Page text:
NEW YORK (Reuters Health) - The dysfunction and drama of the final months of Casey Kasem, a radio personality who died Sunday from complications of dementia, captured the interest of generations who listened over the years as he counted down the nation’s top pop.
But what Kasem did for four decades on the radio, says end-of-life planning expert Nancy Berlinger, is what he failed to do with his own family before dementia rendered him unable: communicate.
Kasem’s advance directive, stating he did “not desire any form of life-sustaining procedures, including nutrition and hydration,” assigned his daughter as surrogate healthcare decision-maker.
His daughter’s authority, however, was contested by her stepmother, Kasem’s wife. Allegations of kidnapping and starvation played out in courtrooms. Kasem’s wife performed a dramatic interpretation of a Biblical scene for news cameras, throwing raw meat in the street in exchange for her husband “to the wild rabid dogs”- her stepchildren.
Kasem’s situation was “a doozy of a case,” added Berlinger, lead author of The Hastings Center Guidelines, a framework for end-of-life decisions.
Kasem did take “two steps most people don’t,” Berlinger told Reuters Health. “He authorized a proxy decision-maker, and he gave specific information about treatment preferences.”
But, she pointed out, broadly-stated medical options in advance directives often require further considerations about real-life issues. “There may have been the assumption the document would have magically taken care of everything,” Berlinger said.
Kasem’s directive stated his wish for no life-sustaining treatment if it would “result in a mere biological existence, devoid of cognitive function.”
Berlinger said preferences should prompt patients and families to discuss points at which life loses individual meaning; examples include an inability to communicate or address hygiene. Those changes in condition can signal times when life-sustaining measures may be suspended. Without conversation, preferences may be unclear. “What does it mean to have ‘no cognitive function’?” Berlinger asks.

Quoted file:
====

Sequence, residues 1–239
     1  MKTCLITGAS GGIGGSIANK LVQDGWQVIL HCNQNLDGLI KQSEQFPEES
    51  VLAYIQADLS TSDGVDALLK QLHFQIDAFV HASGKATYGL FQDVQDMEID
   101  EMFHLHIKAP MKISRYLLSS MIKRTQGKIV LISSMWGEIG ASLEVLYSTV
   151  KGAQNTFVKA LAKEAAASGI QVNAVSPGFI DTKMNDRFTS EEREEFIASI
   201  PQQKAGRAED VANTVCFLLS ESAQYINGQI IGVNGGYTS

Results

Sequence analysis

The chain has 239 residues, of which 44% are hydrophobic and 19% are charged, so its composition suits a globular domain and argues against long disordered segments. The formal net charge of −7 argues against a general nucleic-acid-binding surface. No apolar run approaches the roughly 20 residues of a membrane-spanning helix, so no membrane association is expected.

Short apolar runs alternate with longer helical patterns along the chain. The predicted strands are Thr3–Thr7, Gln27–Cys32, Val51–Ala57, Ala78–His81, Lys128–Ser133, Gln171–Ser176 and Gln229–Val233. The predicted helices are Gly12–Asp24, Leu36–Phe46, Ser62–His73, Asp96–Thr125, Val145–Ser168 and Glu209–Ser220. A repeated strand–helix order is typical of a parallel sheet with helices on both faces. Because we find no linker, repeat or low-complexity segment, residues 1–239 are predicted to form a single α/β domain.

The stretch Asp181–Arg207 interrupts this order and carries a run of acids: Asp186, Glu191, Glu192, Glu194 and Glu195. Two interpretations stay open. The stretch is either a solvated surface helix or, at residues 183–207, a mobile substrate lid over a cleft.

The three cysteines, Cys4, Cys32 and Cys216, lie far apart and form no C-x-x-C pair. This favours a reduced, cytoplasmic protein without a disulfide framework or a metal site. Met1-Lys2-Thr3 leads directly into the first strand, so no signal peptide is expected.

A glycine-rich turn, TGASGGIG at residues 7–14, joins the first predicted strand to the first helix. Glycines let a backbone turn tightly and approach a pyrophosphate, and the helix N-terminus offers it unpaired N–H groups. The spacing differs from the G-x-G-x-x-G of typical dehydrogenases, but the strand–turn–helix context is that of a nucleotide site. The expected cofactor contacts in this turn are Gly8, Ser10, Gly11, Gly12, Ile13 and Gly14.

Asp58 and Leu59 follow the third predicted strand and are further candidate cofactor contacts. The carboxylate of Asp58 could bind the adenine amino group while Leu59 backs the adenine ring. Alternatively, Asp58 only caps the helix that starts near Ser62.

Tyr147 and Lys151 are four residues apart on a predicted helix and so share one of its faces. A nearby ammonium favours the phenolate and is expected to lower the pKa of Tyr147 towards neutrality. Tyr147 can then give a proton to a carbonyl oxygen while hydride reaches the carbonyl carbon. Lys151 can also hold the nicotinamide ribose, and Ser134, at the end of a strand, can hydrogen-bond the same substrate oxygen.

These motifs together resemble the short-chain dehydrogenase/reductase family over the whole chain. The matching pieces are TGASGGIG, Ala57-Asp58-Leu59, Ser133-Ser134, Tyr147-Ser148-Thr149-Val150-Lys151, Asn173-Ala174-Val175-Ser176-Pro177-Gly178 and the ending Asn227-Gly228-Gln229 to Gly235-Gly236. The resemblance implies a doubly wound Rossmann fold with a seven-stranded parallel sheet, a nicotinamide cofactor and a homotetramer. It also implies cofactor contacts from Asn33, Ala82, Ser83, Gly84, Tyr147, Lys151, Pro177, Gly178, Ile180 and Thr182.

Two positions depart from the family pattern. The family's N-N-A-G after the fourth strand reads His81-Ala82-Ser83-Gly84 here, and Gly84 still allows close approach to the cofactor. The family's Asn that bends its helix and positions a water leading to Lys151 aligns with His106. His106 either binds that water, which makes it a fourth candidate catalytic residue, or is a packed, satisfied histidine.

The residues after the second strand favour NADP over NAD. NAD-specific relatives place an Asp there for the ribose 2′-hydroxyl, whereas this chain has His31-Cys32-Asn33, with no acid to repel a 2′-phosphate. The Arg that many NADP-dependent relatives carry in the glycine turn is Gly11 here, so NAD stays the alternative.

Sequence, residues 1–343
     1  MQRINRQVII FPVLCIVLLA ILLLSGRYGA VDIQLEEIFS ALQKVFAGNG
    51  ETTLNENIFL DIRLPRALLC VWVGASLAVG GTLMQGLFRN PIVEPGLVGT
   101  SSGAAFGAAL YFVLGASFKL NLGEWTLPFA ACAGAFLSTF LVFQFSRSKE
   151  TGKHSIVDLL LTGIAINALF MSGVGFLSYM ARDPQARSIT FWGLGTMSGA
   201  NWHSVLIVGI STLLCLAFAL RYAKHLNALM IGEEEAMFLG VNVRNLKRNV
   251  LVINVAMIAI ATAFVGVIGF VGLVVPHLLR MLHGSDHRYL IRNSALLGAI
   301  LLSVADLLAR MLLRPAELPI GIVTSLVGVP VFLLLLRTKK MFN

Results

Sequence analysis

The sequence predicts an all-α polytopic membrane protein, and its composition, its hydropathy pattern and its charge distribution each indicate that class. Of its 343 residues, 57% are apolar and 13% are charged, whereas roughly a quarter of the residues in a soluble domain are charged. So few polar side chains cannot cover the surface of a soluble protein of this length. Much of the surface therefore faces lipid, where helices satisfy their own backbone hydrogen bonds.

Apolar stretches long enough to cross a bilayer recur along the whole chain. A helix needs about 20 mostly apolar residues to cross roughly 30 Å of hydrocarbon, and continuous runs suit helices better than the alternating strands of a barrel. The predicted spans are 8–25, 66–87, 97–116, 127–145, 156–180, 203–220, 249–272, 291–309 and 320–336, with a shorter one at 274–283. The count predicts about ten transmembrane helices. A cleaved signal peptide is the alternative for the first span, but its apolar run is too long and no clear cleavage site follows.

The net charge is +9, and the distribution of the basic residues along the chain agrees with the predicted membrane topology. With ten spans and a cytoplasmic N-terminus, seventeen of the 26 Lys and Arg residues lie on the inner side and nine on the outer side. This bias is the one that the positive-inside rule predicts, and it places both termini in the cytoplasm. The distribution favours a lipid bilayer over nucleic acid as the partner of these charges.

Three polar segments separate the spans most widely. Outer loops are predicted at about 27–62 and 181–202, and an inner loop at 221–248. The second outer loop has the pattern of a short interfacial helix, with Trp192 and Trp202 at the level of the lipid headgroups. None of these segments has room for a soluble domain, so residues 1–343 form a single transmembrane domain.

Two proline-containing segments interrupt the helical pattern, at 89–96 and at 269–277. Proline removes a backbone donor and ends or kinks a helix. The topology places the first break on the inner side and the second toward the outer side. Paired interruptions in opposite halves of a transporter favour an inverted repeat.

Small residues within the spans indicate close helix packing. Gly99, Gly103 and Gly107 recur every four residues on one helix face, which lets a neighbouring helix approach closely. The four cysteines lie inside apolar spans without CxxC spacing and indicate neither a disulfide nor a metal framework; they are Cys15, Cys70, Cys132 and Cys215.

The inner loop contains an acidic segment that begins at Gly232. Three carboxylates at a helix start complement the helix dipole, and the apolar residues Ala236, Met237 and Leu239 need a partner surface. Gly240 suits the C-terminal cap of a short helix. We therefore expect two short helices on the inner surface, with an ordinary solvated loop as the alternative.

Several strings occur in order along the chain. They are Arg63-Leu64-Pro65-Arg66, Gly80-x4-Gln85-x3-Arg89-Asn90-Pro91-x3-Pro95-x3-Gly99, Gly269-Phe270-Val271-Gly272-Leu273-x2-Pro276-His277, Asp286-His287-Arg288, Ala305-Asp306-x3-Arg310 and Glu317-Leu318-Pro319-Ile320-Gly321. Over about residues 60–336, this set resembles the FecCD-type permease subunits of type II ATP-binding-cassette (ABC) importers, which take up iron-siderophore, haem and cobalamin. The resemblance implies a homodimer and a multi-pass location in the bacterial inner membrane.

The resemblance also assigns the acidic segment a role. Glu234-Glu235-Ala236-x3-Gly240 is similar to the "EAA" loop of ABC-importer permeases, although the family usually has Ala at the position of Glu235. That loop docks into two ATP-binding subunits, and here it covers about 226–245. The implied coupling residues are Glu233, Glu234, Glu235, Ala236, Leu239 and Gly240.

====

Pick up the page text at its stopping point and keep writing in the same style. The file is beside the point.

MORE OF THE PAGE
The way to answer that is to ask the patient directly, said Daniel Johnson, a Kaiser Permanente Care Management Institute palliative care specialist. “It’s not uncommon for people making decisions to do it alone,” Johnson told Reuters Health. “The problem is the best-laid plans depend not only on medical infrastructure, but infrastructure of the family.”
Johnson gathers key loved ones involved in patient care, so designated surrogates and those not selected understand reasons and values behind preferences. “When people take time to have discussions with family to ask the right questions with all important parties, you almost never see this,” he said.
Such dialogues are particularly vital in families like Kasem’s - involving second marriages and stepchildren, says elder law and estate planning attorney Michael Amoruso. “It’s not just blending family that is important, but ensuring relationships maintain themselves during stressful times,” he says. “If you don’t discuss, you are deferring the problem to a later day.”
That later day came for the Kasem clan, and it arrives even for the most “functional” of families, said Robert Fleming, an attorney and author of The Elder Law Answer Book. “I can drudge up one similarly emotionally fraught case for every year in 38 years of practice,” he told Reuters Health.
Conflict often arises between adult daughters- common choices, he says, for surrogate decision-makers. “The oldest blows into town and says ‘I can’t believe Mom ever meant that, and if I had talked to her she wouldn’t have done that,’” Fleming offers as a common scenario. “She thinks Mom assigned the youngest daughter because she stuck a form in front of her when she was over having coffee.”
These conversations should be initiated periodically by every responsible adult, Fleming said. He suggests a time-frame of every five years, as well as a dialogue to accompany every life change- whether it be in health status or a new spouse.
“There are some levels of family dysfunction that cannot be taken care of, but it certainly would have helped if Kasem had clearly expressed his preferences in a document shared in advance,” Fleming said.
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